A Las Vegas jury awarded $1M in damages in the medical malpractice trial Striepling v. Valley Health System, webcast by CVN. Shirley Striepling died in January, 2007, at age 71, approximately a week after undergoing abdominal surgery.
Benson Bertoldo's Brett Carter told the jury that Dr. Stuart Hoffman planned to treat a stomach ulcer with a partial gastrectomy, and also to take a liver biopsy to check for liver cancer.
However, Mr. Carter recounted, the January 3, 2007, surgery did not go as planned. During the surgery Dr. Hoffman removed Ms. Striepling's gall bladder and lymph nodes, and mistakenly severed her common bile duct. While reconnecting the bile duct to the intestine, Dr. Hoffman allegedly injured the pancreas. The surgery lasted five hours instead of two hours. No liver biopsy was done, and the pathology report on the gall bladder showed minor inflammation, but no gall stones or cancer.
Ms. Striepling's condition deteriorated after the surgery, and she died on January 11, 2007, as result of "preventable sepsis." According to the Mr. Carter, the injury to the pancreas caused pancreatic enzymes to corrode the sutures that had been used to repair the bile duct, which in turn leaked infectious fluids into Ms. Striepling's abdomin, which eventually resulted in sepsis.
Mr. Carter explained to the jury three different ways in which Ms. Striepling's death resulted from Dr. Hoffman's negligence. First, Ms. Striepling's death resulted from an unplanned, unnecessary cancer surgery that exposed her to additional risk, which risk was realized as a severed common bile duct. Moreover, said the plaintiff, Dr. Hoffman's cutting what he could not see -- the common bile duct --was also below the standard of care. Finally, Dr. Hoffman allegedly ignored evidence and other doctors' suggestions that there was a post-operative abdominal source of infection (the leaking bile duct), when there was still time to repair the harm.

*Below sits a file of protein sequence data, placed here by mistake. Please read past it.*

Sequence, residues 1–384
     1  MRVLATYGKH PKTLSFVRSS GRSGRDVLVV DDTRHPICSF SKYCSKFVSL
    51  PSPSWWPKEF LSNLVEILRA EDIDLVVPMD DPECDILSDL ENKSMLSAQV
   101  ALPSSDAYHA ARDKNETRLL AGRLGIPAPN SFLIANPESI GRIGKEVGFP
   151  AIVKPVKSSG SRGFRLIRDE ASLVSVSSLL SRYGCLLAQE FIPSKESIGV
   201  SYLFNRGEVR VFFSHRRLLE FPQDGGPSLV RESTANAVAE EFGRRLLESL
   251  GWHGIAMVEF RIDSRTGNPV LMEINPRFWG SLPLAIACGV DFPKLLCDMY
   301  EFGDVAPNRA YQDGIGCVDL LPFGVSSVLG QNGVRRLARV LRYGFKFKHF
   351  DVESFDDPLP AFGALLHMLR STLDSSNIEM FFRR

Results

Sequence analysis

Alverson Taylor's LeAnn Sanders told the jury that the plaintiffs were looking for someone to blame, and obtained a "flawed autopsy." However, said Ms. Sanders, Dr. Hoffman not only satisfied but exceeded the standard of care based on the information available at the time, and in fact even years later and with an autopsy and complete records there was no consensus as to the precise series of events that resulted in Ms. Striepling's death. Moreover, common bile duct injury is a recognized risk of abdominal surgery, and Dr. Hoffman quickly identified and repaired the damage.
Ms. Sanders said that Ms. Striepling was recovering from the surgery acceptably, but did in fact have a heart attack three days post-surgery, which caused respiratory failure and renal failure. Dr. Hoffman's canceling the scheduled CT scan three days post-surgery was appropriate because any abdominal air or fluid noted would most likely have been related to the surgery, and there was no sign of pancreatitis at this time.
The jury found in favor of the plaintiffs, and awarded general damages of $250K each to Ms. Striepling's sons for their pain and suffering, and an additional $500K for Ms. Striepling's pain and suffering.